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Wednesday, November 9, 2016

Ivan Was Here - Flooding in 2004

The recent flooding in North Carolina from Hurricane Matthew was an unpleasant reminder of a similar event that devastated our area in 2004. By Friday, September 17, 2004, the remains of Hurricane Ivan had dumped five inches of rain over two days in Marietta. Seven inches of rain inundated western Pennsylvania in just a single day. The Ohio River was already swollen from heavy rain from Hurricane Frances the week before. Mariettans in flood-prone areas were on edge.

That day the National Weather Service (NWS) posted a flood warning for a crest of 38 feet, 3 feet over flood stage but not serious flooding. Locals were vigilant but hoping that major flooding could be averted. Surprisingly, NWS lifted the flood warning entirely on Friday afternoon, predicting a crest below flood stage. There was relief. Flood preparations stopped. People went home, believing there was no threat.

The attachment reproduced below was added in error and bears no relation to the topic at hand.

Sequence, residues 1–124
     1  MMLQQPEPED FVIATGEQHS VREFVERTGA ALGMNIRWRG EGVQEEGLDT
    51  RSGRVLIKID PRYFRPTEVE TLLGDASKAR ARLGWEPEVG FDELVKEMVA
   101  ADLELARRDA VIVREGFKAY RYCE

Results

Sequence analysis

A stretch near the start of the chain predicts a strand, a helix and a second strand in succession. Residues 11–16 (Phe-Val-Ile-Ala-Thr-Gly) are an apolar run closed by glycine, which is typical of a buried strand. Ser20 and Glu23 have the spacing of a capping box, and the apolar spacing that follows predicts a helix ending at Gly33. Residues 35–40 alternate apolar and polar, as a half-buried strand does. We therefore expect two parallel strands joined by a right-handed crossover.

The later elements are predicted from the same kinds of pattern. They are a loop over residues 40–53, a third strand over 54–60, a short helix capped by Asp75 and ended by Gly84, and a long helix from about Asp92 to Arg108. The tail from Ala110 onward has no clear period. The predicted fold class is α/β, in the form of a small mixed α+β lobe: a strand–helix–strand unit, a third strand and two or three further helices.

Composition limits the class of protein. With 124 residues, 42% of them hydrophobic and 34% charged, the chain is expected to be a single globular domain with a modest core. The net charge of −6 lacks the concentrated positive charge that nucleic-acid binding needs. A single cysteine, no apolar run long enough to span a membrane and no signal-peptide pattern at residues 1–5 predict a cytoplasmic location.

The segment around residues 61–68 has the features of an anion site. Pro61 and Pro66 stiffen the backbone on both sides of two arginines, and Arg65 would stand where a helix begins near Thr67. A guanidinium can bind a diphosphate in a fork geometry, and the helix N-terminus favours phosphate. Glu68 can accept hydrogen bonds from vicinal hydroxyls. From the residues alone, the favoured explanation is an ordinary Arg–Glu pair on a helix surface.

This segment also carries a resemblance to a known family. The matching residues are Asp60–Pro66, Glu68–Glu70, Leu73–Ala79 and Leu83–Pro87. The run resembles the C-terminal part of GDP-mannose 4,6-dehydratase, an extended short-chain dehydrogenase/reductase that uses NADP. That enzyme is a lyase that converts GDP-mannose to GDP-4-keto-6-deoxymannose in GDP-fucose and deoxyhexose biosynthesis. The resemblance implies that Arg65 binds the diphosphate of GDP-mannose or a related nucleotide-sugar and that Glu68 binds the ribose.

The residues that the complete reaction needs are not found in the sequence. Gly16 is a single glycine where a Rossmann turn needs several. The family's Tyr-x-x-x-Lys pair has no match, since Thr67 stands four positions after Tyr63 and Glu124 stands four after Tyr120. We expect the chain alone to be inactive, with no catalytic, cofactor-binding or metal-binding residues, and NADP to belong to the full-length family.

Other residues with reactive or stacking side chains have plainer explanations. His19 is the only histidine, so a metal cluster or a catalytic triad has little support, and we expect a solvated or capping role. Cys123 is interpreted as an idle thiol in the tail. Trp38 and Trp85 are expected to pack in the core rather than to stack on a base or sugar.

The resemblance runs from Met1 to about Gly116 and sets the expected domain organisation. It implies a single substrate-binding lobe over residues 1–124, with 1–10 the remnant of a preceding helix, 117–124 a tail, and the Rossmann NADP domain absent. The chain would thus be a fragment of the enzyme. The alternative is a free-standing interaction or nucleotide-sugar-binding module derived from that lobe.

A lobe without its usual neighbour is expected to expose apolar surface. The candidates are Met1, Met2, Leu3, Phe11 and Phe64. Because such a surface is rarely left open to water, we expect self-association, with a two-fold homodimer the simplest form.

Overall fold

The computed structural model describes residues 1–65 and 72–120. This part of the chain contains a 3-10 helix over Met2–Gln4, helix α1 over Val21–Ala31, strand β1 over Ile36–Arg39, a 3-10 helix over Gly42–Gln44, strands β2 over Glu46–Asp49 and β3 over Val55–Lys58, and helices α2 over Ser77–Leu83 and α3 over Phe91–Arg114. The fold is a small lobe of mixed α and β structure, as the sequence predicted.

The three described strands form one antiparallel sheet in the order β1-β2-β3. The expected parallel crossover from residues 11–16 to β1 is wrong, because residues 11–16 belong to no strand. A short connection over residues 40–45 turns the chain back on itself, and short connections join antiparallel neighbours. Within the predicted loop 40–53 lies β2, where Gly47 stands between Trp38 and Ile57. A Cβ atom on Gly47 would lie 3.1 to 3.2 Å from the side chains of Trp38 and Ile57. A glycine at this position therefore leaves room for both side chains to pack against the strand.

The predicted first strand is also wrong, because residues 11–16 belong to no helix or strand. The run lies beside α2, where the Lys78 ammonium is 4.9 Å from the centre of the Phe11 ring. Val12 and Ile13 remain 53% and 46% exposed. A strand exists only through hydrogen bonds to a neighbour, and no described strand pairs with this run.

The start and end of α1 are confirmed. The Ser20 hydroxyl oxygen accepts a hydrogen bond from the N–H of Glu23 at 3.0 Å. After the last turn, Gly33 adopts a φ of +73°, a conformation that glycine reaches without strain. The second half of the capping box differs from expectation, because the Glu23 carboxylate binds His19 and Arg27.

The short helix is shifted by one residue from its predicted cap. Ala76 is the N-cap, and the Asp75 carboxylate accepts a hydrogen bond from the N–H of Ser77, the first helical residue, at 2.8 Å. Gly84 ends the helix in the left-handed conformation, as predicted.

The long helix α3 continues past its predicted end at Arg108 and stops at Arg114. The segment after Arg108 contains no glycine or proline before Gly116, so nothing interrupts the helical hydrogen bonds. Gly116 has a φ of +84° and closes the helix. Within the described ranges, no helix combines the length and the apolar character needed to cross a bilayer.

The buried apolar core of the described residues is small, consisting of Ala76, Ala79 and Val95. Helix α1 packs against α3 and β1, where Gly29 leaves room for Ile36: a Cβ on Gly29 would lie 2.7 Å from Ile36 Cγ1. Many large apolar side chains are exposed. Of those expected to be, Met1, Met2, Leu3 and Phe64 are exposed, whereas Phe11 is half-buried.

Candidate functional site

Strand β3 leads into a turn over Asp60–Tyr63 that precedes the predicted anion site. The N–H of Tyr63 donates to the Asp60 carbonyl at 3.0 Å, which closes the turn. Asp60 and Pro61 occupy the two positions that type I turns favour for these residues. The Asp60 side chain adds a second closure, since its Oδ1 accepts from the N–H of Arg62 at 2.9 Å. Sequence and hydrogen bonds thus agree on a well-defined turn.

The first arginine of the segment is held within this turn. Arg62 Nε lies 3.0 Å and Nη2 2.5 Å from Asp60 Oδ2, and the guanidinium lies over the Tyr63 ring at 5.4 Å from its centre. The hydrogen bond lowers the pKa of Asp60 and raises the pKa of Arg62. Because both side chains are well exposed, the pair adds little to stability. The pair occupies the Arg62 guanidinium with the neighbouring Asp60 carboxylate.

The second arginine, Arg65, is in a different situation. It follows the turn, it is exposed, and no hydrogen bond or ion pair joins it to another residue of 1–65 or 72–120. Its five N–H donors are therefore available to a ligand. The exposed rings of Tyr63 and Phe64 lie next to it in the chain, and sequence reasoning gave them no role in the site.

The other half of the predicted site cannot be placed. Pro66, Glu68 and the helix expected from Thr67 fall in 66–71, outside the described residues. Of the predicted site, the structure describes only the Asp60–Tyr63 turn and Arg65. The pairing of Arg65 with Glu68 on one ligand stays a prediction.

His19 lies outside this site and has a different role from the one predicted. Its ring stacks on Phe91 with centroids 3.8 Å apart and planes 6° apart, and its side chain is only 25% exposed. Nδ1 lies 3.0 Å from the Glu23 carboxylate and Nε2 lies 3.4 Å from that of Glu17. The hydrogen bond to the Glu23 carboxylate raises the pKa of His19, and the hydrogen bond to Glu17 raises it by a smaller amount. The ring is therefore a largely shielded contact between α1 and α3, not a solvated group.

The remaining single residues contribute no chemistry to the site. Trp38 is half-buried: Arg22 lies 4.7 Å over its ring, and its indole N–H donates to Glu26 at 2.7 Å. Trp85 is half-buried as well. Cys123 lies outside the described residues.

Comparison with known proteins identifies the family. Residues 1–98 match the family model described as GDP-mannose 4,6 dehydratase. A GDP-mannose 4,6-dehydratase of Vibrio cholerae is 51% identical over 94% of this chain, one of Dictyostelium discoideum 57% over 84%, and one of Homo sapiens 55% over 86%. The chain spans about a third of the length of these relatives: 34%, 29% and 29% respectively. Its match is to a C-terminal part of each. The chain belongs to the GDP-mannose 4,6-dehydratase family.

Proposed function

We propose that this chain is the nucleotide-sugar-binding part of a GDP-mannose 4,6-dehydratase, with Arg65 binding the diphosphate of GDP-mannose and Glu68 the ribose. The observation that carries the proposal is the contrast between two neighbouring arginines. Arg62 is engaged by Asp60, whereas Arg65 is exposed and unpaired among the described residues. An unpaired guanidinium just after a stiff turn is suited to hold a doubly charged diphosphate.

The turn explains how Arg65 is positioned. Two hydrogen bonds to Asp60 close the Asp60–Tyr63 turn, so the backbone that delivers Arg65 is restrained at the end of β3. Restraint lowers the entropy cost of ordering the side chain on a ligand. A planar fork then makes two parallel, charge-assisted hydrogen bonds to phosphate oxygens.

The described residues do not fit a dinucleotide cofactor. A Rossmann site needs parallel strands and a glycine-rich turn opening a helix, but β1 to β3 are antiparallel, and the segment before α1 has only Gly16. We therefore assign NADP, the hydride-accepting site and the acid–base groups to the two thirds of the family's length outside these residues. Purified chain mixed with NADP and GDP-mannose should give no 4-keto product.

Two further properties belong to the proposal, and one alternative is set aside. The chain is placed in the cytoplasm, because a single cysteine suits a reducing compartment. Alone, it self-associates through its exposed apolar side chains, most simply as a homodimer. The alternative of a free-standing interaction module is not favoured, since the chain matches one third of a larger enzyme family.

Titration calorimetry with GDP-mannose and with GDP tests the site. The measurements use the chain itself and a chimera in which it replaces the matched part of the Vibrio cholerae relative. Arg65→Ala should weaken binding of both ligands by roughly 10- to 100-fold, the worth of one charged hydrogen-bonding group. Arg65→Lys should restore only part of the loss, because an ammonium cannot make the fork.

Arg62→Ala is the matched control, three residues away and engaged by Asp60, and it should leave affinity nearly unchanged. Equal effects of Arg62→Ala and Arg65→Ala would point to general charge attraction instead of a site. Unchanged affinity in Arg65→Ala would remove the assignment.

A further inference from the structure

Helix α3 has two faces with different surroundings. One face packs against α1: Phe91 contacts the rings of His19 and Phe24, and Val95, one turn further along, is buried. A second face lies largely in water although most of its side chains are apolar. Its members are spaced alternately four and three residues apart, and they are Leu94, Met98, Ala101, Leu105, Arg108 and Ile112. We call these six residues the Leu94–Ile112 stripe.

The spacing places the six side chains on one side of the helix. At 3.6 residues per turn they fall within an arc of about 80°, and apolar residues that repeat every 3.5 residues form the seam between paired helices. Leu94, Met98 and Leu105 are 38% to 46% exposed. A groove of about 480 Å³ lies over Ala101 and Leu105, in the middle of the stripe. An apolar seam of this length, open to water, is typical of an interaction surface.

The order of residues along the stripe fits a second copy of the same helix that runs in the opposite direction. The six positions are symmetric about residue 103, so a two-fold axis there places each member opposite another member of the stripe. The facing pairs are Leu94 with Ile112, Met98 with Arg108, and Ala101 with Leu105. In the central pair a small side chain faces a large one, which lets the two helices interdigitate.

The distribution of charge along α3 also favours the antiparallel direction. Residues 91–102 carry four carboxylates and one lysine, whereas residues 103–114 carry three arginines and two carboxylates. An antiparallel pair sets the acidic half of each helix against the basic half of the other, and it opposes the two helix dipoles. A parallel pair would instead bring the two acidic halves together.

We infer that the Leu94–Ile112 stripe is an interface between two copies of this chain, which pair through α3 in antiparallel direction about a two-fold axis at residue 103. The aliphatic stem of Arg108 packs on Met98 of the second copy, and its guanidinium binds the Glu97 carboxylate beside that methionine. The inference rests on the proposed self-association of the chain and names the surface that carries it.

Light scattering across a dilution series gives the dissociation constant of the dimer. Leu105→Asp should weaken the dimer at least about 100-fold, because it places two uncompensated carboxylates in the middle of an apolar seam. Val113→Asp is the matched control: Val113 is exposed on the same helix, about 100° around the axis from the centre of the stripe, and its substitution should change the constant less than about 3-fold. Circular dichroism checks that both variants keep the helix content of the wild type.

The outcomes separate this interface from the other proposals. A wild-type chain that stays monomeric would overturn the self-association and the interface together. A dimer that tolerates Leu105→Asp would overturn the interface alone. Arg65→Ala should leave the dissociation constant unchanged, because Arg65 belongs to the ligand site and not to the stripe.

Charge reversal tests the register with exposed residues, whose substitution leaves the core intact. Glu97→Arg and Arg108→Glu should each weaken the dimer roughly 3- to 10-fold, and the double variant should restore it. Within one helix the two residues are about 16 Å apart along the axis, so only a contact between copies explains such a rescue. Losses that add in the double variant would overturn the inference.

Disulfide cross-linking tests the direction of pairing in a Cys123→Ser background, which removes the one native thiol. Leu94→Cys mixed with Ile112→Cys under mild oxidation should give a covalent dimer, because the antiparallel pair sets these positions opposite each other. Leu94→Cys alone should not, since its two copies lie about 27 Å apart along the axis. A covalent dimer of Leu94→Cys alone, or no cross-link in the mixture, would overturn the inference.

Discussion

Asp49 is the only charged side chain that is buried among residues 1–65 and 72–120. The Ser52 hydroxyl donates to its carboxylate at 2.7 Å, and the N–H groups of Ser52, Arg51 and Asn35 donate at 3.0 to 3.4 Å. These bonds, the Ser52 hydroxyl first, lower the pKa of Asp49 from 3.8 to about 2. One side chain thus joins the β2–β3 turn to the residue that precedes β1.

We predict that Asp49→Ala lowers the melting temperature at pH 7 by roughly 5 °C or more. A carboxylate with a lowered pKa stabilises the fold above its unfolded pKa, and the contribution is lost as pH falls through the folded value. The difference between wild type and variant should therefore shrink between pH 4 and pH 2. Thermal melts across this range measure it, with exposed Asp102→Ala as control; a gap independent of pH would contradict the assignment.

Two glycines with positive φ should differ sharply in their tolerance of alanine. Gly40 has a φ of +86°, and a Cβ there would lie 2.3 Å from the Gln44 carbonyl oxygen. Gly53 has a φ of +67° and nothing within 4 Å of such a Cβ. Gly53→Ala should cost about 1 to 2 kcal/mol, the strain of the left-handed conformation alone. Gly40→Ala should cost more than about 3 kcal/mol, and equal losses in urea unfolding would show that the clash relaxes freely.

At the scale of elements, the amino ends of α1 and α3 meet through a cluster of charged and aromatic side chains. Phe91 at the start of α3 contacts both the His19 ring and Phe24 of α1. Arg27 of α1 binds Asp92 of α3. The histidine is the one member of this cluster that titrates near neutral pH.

As torrential rains fell over Western Pennsylvania and West Virginia, NWS updated their river forecast models. At 11:00 pm Friday, the issued a new flood warning for a crest of 41.5 feet. That was a double whammy. Flooding would be severe. And the late hour of the warning left many unaware of the impending disaster as they slept.

The Ohio River rose at the fastest rate ever recorded through the night into Saturday morning, September 18. Some said they could literally see the water rising minute by minute in their basements or approaching their buildings. 


Marietta Times front page September 20, 2004.


I drove into work at Peoples Bank Saturday morning around 8:00 am and was shocked to see water on Third Street. Incredible. That meant the river level was already at 40 ft, well over flood stage. Most areas in lower Marietta and Pike Street were under water. I felt a knot in the pit of my stomach. This was going to be a tough ordeal for our community.

Stacy Frederick, then a Marietta College student, recalled a campus jolted in action early Saturday morning as flooding became imminent. A 5:45 a.m., water covered Don Drumm Stadium field and would soon flood campus buildings along Fourth Street. Students were marshaled to move items up or into other buildings.

Student Bethany Dykstra recalled the Resident Assistant in her dorm "pounding on my door at 8 am yelling for me to move my car because the Hermann lot was flooding....I got up, threw on some shoes, and moved my car to Fifth Street. As I walked down the mall (back to the dorm), I saw that cars were already under water..."